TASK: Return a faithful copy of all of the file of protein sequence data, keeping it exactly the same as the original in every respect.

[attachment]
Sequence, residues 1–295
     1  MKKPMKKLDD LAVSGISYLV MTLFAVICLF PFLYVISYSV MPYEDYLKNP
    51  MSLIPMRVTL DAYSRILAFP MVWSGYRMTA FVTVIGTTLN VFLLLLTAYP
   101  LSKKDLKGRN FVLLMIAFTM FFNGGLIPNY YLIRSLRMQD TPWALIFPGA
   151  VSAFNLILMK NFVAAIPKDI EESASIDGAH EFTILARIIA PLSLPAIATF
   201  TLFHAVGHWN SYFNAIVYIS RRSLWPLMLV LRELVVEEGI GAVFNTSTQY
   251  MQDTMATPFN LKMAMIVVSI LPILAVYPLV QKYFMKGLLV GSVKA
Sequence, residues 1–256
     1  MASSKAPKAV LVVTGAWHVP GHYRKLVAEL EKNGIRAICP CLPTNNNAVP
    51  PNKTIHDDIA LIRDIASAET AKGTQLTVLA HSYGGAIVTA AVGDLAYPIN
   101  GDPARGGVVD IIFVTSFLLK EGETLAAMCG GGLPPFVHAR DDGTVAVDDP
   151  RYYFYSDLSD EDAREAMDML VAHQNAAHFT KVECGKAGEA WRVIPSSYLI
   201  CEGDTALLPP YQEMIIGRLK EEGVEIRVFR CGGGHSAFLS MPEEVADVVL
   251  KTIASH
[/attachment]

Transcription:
Sequence, residues 1–295
     1  MKKPMKKLDD LAVSGISYLV MTLFAVICLF PFLYVISYSV MPYEDYLKNP
    51  MSLIPMRVTL DAYSRILAFP MVWSGYRMTA FVTVIGTTLN VFLLLLTAYP
   101  LSKKDLKGRN FVLLMIAFTM FFNGGLIPNY YLIRSLRMQD TPWALIFPGA
   151  VSAFNLILMK NFVAAIPKDI EESASIDGAH EFTILARIIA PLSLPAIATF
   201  TLFHAVGHWN SYFNAIVYIS RRSLWPLMLV LRELVVEEGI GAVFNTSTQY
   251  MQDTMATPFN LKMAMIVVSI LPILAVYPLV QKYFMKGLLV GSVKA
Sequence, residues 1–256
     1  MASSKAPKAV LVVTGAWHVP GHYRKLVAEL EKNGIRAICP CLPTNNNAVP
    51  PNKTIHDDIA LIRDIASAET AKGTQLTVLA HSYGGAIVTA AVGDLAYPIN
   101  GDPARGGVVD IIFVTSFLLK EGETLAAMCG GGLPPFVHAR DDGTVAVDDP
   151  RYYFYSDLSD EDAREAMDML VAHQNAAHFT KVECGKAGEA WRVIPSSYLI
   201  CEGDTALLPP YQEMIIGRLK EEGVEIRVFR CGGGHSAFLS MPEEVADVVL
   251  KTIASH